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How Resting Your Feet on the Dashboard Can Lead to Life-Altering Injuries

How Resting Your Feet on the Dashboard Can Lead to Life-Altering Injuries

Content warning: This article contains graphic descriptions of auto accident injuries that may be disturbing to some readers.

Ever notice someone cruising down the highway with their car windows open, radio blasting, and legs either sticking out the window or resting atop the dashboard? It’s not an uncommon scene on many summer afternoons. But, tragically, traveling that way could cause you to suffer a traumatic long-term injury.

That’s because your vehicle’s built-in safety devices – think airbags and seatbelts – are designed to function best while you’re properly seated in the vehicle. Which means sitting face forward with your legs on the floor and your seatbelt snugly fastened across your waist and hips. Any deviation from this crash-test-dummy-approved posture puts you at higher risk of being severely injured in a crash — whether your driver or passenger. And, ironically, the biggest danger likely stems from one of your car’s most important safety features: its airbags.

As we explained in a previous article, automotive airbags definitely save lives. They’re engineered to protect you from front-impact crashes (and sometimes side-impact collisions) by absorbing forces that would otherwise tend to throw you forward into the dashboard or cause you to careen through the windshield. However, if your legs get in the way of the airbag’s explosive expansion, your hip bones can literally be ripped from their sockets, and your knees could even get pushed backwards into your eye sockets with astounding impact. It isn’t pretty to imagine, and it can be physically devastating, as one woman found when a trip from Michigan to Canada ended in a horrible crash. But she isn’t the only person to have experienced catastrophic injuries caused by sitting with her legs raised off the floor. A Georgia woman also fell victim to life-changing harm when the car in which she was riding t-boned a vehicle that crossed in front of hers. The results of that crash were truly horrific, ending her career as an EMS worker and dramatically affecting her health for years after the incident.

Our advice is always to sit as the automotive engineers intended: facing the front of the vehicle, wearing your seatbelt, with your feet firmly planted on the floor. And there are a few other compelling reasons besides your own personal safety to do so. Let us explain.

Are You Considered Legally Responsible for Your Injuries if You’re Sitting Incorrectly in Your Vehicle?

You could be. Michigan law reduces legal settlement amounts for people who are found to have contributed to an accident based on the percentage of their responsibility for those injuries. This is a concept known as comparative negligence. For instance, if you were going a few miles over the speed limit when someone ran a red light and hit your vehicle, a jury could find you shared some portion of blame for the crash. As a result, this can mean that any financial compensation you’d receive in a personal injury lawsuit settlement would be reduced accordingly. Our advice is to simply avoid such a circumstance by sitting in your car as the automotive design engineers intended – safely facing forward, wearing your seatbelt, with your feet resting on the car’s floor.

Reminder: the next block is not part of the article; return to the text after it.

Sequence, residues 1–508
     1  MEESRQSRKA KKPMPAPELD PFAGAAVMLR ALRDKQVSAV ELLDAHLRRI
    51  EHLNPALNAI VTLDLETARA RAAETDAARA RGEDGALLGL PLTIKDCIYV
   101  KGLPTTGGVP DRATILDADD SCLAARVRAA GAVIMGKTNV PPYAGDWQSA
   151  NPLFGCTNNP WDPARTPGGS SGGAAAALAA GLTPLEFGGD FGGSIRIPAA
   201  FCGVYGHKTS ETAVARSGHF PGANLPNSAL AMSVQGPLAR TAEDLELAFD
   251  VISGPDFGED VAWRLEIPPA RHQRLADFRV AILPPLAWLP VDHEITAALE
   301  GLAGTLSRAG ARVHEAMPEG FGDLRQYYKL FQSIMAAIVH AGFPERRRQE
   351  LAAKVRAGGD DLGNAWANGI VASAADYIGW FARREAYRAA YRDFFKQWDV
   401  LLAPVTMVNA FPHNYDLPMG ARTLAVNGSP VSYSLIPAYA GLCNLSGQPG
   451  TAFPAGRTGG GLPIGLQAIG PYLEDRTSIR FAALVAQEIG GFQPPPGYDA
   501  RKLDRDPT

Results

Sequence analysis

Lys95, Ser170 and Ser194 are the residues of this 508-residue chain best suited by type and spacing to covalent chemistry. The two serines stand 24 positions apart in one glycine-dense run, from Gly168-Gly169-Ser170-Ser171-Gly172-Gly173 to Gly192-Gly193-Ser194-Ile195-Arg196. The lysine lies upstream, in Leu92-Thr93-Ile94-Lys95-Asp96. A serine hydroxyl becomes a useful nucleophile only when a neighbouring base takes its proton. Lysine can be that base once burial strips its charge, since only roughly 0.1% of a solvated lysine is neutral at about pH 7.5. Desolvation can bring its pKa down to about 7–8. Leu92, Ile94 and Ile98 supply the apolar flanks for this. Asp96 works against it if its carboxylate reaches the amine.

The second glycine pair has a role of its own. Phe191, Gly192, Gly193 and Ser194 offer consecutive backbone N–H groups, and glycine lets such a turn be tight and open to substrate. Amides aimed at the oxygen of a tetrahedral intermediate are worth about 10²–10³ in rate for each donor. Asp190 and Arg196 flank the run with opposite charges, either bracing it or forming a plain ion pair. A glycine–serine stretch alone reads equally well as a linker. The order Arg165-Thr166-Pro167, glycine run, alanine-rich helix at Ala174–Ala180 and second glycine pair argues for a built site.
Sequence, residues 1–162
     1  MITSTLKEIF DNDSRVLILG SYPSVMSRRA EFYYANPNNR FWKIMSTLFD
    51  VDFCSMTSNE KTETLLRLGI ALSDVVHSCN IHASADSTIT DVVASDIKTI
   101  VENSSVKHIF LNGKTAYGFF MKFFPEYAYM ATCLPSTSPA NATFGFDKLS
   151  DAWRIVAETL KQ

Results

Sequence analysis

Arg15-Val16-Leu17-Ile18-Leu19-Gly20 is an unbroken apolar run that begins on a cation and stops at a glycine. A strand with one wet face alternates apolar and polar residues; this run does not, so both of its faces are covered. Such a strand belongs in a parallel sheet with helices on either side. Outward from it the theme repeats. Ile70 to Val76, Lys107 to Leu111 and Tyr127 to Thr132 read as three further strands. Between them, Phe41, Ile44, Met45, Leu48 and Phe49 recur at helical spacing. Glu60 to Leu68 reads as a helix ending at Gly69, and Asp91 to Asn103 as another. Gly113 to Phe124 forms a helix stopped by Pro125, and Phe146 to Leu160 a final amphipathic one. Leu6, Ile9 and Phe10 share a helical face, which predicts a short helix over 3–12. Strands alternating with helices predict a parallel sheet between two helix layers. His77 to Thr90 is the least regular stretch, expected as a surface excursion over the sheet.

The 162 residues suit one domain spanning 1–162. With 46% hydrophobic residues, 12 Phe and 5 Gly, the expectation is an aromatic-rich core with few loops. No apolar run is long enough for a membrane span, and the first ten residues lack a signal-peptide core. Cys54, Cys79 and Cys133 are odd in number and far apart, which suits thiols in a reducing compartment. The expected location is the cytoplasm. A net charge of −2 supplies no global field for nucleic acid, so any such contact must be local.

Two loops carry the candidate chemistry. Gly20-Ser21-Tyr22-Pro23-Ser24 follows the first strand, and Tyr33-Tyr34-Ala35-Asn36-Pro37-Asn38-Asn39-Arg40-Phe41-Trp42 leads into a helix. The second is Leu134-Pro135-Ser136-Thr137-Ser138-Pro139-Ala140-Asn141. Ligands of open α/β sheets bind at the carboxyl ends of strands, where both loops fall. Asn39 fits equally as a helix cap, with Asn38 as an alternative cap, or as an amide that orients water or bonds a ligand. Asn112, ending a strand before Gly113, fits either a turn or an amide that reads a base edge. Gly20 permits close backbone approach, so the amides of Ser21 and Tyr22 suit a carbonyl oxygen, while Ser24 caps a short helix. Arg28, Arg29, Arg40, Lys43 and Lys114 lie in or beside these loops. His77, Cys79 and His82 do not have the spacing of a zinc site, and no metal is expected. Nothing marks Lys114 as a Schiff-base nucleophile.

Is Placing My Feet on the Dash or Out the Window Illegal if I’m a Passenger?

Nothing in state law explicitly prohibits you from sitting with your feet up as a passenger — or even as a driver for that matter. But, of course, we’d advise you to think twice before doing so. Sure, it can be nice to stretch out, to put your feet out the window to catch the breeze, and even to recline your seat all the way back for a well-deserved nap (as long as you’re a passenger). But if you truly need to stretch your legs or take a break during a long trip, it’s far safer and less risky to simply pull over at one of our state’s pleasant rest areas, take a brisk walk, and then resume your trip refreshed and ready to travel. Sure, you may arrive at your destination a few minutes later than planned, but at least you’ll get there in one piece. And, after all, isn’t that the best option?

There is something else to consider. If your driving position could possibly be described as leading to “careless or negligent operation” of a motor vehicle, you could be charged with a civil infraction for endangering other people or property. It would be up to a jury to decide if putting your feet on the dashboard or sticking them out the car’s window qualifies as careless or negligent behavior. But why would you even want to take that chance?


What Should I Do if I’m Hurt in a Crash When My Feet Were on the Dashboard?

Seek immediate emergency medical care; unfortunately, you will very likely need it. Then, if your injuries were caused by someone else’s negligence or irresponsible driving, call a Mike Morse Law Firm attorney right away. We’ll help you determine the appropriate next steps to take so you can be fairly compensated for your pain and suffering, medical bills, lost wages, or any other damages you might have experienced resulting from the crash. While you may indeed be partially at fault for your injuries, you shouldn’t have to pay the full price for what happened. Our number, as always, is 855-MIKE-WINS (855-645-3946). Pick up the phone or contact us online and we’ll do everything we can to help you.